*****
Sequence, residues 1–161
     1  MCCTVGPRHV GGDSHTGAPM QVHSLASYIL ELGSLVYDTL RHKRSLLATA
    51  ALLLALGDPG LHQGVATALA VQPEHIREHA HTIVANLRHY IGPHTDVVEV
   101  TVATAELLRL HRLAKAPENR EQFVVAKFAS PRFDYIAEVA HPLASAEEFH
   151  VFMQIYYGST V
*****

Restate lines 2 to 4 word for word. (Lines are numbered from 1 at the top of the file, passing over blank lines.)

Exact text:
     1  MCCTVGPRHV GGDSHTGAPM QVHSLASYIL ELGSLVYDTL RHKRSLLATA
    51  ALLLALGDPG LHQGVATALA VQPEHIREHA HTIVANLRHY IGPHTDVVEV
   101  TVATAELLRL HRLAKAPENR EQFVVAKFAS PRFDYIAEVA HPLASAEEFH